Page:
Brevard College History Professor Honored with Young Alumni Award

Dr. Jordan Kuck receives Young Alumni Award

Dr. Jordan Kuck grew up on a farm near Kearney, Nebraska, and a fascinating story frames his professional career. He earned his PhD in History in 2014 from the University of Tennessee (UT) and taught at West Virginia Wesleyan College before coming to Brevard College in 2018. In February 2022, he received tenure and was promoted to Associate Professor. He recently finished a book chapter on interwar Latvia in an edited volume, Dictatorship and Daily Life in Twentieth Century Europe, set to be published this year by Bloomsbury. An upcoming book chapter in yet another volume centers on “Transnational Fascism,” a term Dr. Kuck contributed to coining. As a result of Dr. Kuck’s work, he was recently honored at his alma mater, UT, with the Young Alumni Award. Regarding the award, Dr. Kuck said, “It was a nice surprise, particularly since I was up for tenure this year.” 

His grandfather, who was a farmer and ran for governor of Nebraska, inspired him to study History. Dr. Kuck said, “I was born with a proclivity to non-farming things; I always wanted to read.” While studying abroad in his undergraduate years, he met in Riga the director of the Occupation Museum in Latvia. When the director learned Jordan was from Nebraska, he started singing the University of Nebraska fight song. Kuck thought, “‘This is totally bizarre.’”

It turned out that the director had also graduated from the University of Nebraska and he asked, “Surely as a Nebraska boy you know about Kārlis Ulmanis, our first Prime Minister?” That question became the impetus for Dr. Kuck’s career – studying and publishing as a major scholar on a Latvian politician. Kārlis Ulmanis lived in Nebraska for seven years as a political emigree fleeing the Russian government before Latvia got its independence. He began as a democratic Prime Minister, but in 1934, suspended Latvia’s constitution and ruled as a dictator.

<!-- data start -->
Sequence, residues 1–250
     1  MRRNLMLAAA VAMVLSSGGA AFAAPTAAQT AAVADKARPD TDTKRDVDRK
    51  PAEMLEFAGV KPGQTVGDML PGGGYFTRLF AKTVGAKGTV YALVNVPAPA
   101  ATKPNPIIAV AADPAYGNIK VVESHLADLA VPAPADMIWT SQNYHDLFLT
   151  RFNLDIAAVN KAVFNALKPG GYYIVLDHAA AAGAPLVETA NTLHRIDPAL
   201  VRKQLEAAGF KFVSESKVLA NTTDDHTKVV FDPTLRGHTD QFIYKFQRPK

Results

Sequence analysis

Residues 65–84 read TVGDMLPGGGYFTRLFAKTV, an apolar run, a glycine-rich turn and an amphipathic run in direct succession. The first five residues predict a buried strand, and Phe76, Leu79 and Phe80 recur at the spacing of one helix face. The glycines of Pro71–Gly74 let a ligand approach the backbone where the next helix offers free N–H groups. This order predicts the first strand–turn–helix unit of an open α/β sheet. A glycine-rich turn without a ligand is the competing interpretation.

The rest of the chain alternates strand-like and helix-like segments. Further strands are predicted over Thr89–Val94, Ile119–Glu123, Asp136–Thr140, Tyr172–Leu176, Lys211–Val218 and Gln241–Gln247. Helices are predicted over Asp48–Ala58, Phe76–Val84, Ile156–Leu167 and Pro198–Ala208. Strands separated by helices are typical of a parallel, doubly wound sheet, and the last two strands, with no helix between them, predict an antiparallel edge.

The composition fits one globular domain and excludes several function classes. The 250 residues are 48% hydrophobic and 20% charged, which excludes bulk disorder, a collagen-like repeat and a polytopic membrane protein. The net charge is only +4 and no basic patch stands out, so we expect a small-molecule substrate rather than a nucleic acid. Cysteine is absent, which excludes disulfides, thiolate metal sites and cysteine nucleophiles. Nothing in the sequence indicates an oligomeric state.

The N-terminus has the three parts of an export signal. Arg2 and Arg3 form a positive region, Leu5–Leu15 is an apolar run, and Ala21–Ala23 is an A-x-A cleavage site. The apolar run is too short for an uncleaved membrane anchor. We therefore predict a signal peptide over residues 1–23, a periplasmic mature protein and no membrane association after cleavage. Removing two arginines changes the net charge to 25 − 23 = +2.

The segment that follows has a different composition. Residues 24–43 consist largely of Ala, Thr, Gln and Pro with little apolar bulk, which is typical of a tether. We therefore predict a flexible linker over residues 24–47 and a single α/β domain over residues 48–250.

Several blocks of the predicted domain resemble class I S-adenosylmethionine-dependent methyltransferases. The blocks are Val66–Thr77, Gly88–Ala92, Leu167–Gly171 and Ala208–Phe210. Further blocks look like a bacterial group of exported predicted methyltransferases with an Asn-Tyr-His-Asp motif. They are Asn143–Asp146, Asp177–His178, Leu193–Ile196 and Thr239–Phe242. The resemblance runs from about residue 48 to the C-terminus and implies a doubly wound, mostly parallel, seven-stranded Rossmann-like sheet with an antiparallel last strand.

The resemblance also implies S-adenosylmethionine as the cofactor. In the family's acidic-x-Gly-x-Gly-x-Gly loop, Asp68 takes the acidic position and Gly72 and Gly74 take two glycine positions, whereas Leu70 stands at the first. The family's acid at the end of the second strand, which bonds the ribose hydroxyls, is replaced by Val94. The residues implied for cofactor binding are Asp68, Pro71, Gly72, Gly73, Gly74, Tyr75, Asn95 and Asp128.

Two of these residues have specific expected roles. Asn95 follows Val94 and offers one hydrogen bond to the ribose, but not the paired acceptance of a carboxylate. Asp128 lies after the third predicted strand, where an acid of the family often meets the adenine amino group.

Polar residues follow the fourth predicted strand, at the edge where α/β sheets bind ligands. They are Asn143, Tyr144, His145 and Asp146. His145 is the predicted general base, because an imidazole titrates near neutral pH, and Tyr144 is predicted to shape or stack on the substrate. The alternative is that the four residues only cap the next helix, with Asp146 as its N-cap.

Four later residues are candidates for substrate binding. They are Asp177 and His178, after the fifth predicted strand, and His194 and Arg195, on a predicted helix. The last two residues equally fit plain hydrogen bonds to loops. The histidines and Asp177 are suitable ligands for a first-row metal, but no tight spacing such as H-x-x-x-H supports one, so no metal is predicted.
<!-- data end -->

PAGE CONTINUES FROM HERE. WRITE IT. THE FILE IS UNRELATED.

“No one had ever written about him in English, so I had to learn Latvian. I made the argument that we should view him as a fascist, which was a controversial claim because no Latvian scholar had ever said that. I was worried I would get banned from the archives in Latvia, but I had all the documents to prove it.” Instead, the opposite happened. When Latvians celebrated their centennial in 2018, Dr. Kuck was invited by the Latvian government to write chapters for the volumes published to mark the country’s milestone.

Dr. Kuck’s professional career circles back to the farm, where his great-great-grandfather enjoyed writing letters to dignitaries and celebrities, often receiving letters in return. Occasionally, his grandmother dusts off the documents to reminisce. Recently, she called her grandson with surprising news. She had come across a return letter from Ulmanis, who had corresponded with Dr. Kuck’s great-great-grandfather decades before Kuck would become a premier scholar on his life and politics. 

In the classroom, he emphasizes the importance of discussing hard topics and encourages his students to be respectful in discourse. He said, “I know it’s uncomfortable, but we need to do this so they can learn it’s possible to talk about controversial things and to disagree without thinking ‘that person is an idiot’ or ‘they’re the enemy.’” Dr. Kuck creates a safe space where students know they can engage in debate and they respond well.

He said, “My favorite thing about Brevard College students is that on the whole, they are just good humans. They are hard working and it’s a pleasure to work with them. It makes coming to work every day fun.”